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04-06-2011 Post does not mapped to Knowledge Tree
Romy the Cat


Boston, MA
Posts 9,540
Joined on 05-28-2004

Post #: 1
Post ID: 15939
Reply to: 15939
Long Range Acoustic Device – how do they work?
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There is a family of sonic weapons:

http://defense-update.com/products/l/LRAD.htm

http://www.lradx.com/site/content/view/2016/110/

I wonder what kind principle they use to keep sound radiated at narrow angle at high distance. The explanation that I‘ve seen does not do to me a lot. If they claim the they use the same principle as phased array beamformers then I do not buy it.

"How the LRAD Unit Works

The LRAD's job is to make sound - lots of sound. It produces very loud sound that is audible over relatively long distances. But it's not limited to producing painful noise for use as a weapon. It can also amplify voices or recordings to a level that is loud and clear but not painful or debilitating.
Instead of using one big, moving device to make all this sound, the LRAD uses lots of little ones. A speaker usually uses one rapidly moving diaphragm to make sound. The LRAD uses has an array of piezoelectric transducers. A transducer is simply a device that changes one kind of energy into another kind of energy. In this case, it changes electrical impulses into sound.

Applying a charge to a piezoelectric material causes it to change shape.A piezoelectric material is a substance that is permanently electrically polarized -- it has a positively charged side and a negatively charged side. If you apply pressure to a piezoelectric material, it creates an electrical impulse. On the other hand, if you apply an electrical charge to it, its molecules move and it changes shape. Using electrical current from a battery, generator or other source, the LRAD applies electrical charge to lots of piezoelectric transducers. The transducers rapidly change their shape and create sound waves.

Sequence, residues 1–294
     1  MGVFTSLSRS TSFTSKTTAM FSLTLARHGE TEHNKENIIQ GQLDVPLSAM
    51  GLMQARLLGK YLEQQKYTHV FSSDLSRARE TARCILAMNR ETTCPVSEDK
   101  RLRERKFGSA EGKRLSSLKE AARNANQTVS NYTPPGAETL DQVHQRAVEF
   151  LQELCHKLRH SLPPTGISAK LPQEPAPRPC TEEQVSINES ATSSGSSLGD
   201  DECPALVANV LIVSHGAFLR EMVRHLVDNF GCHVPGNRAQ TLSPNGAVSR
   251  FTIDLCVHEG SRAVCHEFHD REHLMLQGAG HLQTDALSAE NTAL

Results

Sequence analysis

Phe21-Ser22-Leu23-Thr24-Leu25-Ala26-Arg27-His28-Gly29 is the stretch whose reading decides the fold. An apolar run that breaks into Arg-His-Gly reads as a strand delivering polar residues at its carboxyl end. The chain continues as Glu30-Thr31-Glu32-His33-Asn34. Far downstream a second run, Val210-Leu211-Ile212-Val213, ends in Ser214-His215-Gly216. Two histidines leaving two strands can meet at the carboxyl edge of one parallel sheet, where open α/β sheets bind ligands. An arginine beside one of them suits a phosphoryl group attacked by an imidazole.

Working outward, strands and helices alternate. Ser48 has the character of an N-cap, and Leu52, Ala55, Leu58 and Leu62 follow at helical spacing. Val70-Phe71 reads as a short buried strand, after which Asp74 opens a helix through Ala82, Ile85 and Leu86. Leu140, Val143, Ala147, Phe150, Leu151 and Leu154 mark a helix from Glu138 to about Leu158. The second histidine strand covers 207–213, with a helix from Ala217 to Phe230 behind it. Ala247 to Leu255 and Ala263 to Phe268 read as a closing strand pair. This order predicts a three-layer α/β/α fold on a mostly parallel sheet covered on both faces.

The LRAD has lots of transducers in a staggered arrangement.  All of these transducers are attached to a mounting surface. They're staggered to allow more of them to fit into a smaller space. This helps the LRAD create very loud sounds -- identical waves emerge from the transducers, and their amplitudes combine to create louder sounds.

So that's how the LRAD creates lots of volume. But the sound coming from the LRAD is also relatively directional. It doesn't disperse as much as sounds from typical speakers. Fifteen degrees outside the beam, the volume drops about 20 dB. People behind or next to the device still hear the sound, it isn't as loud. Even outside the beam, the sound can still be loud, so operators and nearby personnel often wear ear protection.

The outer transducers are not completely in phase with the inner transducers. The sound waves interact with one another, canceling out some of the outermost waves and making the sound less audible outside of the "beam."

The device's diameter is larger than most of the wavelengths it produces. This allows the device to create a wave front that's more flat than rounded, keeping the sound from dispersing.

Air interferes with sound waves as they pass through it. As the LRAD's sound waves interact with the air, they create additional frequencies within the wave. Such waves are referred to as parametrically generated, and many speakers try to prevent them. The LRAD uses them to create a greater range of pitches and to add volume.

The result is essentially a loudspeaker that can receive input from a microphone, a recording device or a Phraselator translation device. It can then amplify that input, allowing law enforcement, security and military personnel to give instructions and warnings or to clear buildings and disperse crowds. If those verbal instructions don't produce a result, the LRAD can produce a loud warning tone that approaches or passes the threshold of pain."

Rgs,
Romy the Cat


"I wish I could score everything for horns." - Richard Wagner. "Our writing equipment takes part in the forming of our thoughts." - Friedrich Nietzsche
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